All students come to Reading with a unique set of prior experiences, which influences how they might transition or the support they might benefit from.
Below are a few considerations and areas of support that may be helpful to signpost students towards.
Socio-economic disadvantage and financial hardship
The cost-of-living crisis is impacting all students but the most affected are those from lower socio-economic backgrounds or those with additional financial burdens, such as students with dependents.
This is likely to include students who are eligible for the Reading Bursary: https://www.reading.ac.uk/essentials/Money_matters/Bursaries-and-Awards/Reading-Bursary-202021
Hardship funding will be available again from October 2023: https://www.reading.ac.uk/essentials/Money_matters/Funding/student-support-fund
Other sources of financial support include the Digital Support Fund which provides support specifically for the associated costs of online learning and study: https://www.reading.ac.uk/essentials/Money_matters/Funding/Digital-support-fund
There is also a range of money advice and support including online and Reading Students’ Union specialist trained money advisors: https://www.reading.ac.uk/essentials/Money_matters/Advice
Students can be signposted to the Financial Support team for tailored advice: email@example.com
Black, Asian and Minority Ethnic students
A range of evidence indicates that marginalised Black, Asian and minority ethnic (BAME) students face a distinct set of challenges at university. These students may experience a lower sense of belonging and a greater likelihood of financial strain when compared to their white counterparts. Racism and micro aggressions can significantly affect belonging and attainment.
Transitioning to university can be stressful for all students but can prove especially challenging for neurodiverse students if welcome spaces and activities are not neurodiversity friendly.
Neurodiversity is not the same thing as disability but the support and wellbeing page for students with disabilities offer a wide range of support that could be useful to students on the neurodiversity spectrum.
Clarity of expectations, details and guidelines are helpful to neurodiverse students.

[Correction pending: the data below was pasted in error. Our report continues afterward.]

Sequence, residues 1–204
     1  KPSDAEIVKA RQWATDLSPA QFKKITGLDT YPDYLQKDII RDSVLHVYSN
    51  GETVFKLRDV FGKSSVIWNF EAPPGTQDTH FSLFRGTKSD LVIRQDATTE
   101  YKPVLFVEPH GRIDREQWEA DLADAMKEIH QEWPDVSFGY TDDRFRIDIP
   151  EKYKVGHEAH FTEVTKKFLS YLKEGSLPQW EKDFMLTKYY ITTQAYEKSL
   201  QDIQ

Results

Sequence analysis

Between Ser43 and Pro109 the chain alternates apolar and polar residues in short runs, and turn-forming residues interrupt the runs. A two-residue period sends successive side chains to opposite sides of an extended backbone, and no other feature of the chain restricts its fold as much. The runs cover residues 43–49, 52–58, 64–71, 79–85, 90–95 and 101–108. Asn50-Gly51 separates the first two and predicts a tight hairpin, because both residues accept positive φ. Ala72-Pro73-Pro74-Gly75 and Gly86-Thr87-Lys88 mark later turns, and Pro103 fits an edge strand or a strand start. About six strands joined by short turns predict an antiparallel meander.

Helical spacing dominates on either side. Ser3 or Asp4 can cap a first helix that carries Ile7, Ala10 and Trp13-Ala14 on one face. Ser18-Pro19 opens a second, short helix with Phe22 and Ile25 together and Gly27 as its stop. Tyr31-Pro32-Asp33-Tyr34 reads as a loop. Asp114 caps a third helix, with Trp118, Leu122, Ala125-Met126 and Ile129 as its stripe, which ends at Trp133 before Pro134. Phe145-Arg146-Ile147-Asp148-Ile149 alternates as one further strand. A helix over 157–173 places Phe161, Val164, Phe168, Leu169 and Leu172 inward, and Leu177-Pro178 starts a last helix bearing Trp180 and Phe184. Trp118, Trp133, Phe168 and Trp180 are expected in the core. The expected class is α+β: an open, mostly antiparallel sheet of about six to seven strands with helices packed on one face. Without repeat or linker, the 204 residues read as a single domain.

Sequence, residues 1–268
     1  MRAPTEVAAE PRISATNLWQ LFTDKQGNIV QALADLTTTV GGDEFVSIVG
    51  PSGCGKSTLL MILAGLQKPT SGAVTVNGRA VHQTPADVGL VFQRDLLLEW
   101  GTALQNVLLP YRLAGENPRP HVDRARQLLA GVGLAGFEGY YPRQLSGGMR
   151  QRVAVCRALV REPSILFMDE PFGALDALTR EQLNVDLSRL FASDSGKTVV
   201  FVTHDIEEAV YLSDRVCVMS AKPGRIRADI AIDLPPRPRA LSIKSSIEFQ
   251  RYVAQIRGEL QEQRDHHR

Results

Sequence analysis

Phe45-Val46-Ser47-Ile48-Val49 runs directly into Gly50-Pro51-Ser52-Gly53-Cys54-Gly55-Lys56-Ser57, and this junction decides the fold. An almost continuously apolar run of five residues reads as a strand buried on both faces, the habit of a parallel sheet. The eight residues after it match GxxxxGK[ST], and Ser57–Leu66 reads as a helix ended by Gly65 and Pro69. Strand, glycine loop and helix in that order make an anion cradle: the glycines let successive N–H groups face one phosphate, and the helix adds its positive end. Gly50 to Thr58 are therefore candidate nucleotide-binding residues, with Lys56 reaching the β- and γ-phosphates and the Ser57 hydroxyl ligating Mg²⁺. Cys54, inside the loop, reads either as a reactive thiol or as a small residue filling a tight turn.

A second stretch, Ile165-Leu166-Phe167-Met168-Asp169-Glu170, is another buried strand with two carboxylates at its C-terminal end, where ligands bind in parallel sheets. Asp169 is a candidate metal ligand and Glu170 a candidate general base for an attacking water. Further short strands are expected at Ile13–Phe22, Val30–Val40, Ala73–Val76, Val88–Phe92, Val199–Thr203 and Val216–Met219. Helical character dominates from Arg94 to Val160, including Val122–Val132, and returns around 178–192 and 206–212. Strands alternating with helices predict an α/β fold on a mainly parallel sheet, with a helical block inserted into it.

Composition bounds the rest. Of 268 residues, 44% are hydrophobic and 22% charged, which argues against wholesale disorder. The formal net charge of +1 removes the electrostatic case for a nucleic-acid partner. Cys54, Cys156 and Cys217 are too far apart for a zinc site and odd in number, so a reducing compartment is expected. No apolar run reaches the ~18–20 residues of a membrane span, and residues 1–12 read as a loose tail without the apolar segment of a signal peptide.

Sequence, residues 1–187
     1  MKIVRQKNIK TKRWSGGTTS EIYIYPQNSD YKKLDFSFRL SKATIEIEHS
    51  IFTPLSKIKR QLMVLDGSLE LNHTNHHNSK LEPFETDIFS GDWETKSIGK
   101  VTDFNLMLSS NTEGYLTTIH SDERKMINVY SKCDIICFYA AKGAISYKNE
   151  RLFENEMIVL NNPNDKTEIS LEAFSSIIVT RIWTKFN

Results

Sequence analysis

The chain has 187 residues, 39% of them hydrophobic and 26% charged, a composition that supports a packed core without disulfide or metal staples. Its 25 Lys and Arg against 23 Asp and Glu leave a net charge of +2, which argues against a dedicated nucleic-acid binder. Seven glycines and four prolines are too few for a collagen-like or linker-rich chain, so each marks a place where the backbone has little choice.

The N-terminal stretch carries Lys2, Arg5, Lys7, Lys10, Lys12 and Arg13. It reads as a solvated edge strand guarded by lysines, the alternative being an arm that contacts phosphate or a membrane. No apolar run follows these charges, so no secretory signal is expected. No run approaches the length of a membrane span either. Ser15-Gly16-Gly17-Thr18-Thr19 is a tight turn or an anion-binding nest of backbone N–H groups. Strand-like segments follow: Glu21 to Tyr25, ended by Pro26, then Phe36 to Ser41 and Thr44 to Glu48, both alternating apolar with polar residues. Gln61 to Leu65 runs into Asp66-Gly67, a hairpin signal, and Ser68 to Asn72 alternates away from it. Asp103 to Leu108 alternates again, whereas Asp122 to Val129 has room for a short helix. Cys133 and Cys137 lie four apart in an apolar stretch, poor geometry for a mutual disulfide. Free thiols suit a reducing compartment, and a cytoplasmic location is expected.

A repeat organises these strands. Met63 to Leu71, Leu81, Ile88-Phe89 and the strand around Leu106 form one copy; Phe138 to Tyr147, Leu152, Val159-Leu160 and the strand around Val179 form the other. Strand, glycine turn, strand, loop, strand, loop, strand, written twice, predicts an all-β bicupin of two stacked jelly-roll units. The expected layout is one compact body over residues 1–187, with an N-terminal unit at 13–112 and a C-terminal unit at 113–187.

Care experienced and estranged Students
Care experienced students include those who have spent any time in any time spent in local authority care and estranged students are those who do have a communicative relationship with either biological parent.
University can play a transformative and empowering role in the lives of care experienced and estranged students. Common obstacles to succeeding in higher education relate to disruptions to prior learning, financial hardship and poor mental health which may result from instability and trauma.
The university has support available for care leaver and estranged students , which includes pre-entry guidance and financial support.
There is a student-led Care Experienced and Estranged Student social run during Welcome, with continued meet-ups throughout the year. The initial session in Welcome can be found on the UoR Welcome App. Please contact firstname.lastname@example.org for more information or sign-posting towards later sessions.
Disabled students may have a wide variety of impairments, any of which can create challenges or additional support needs in a university setting. Students with declared disabilities are receiving lower degree results across the sector and the cost of living crisis has increased the risk of financial hardship. Some disabled students require additional support to study from home or on campus & the Disability Advisory Service are best placed to offer support and guidance.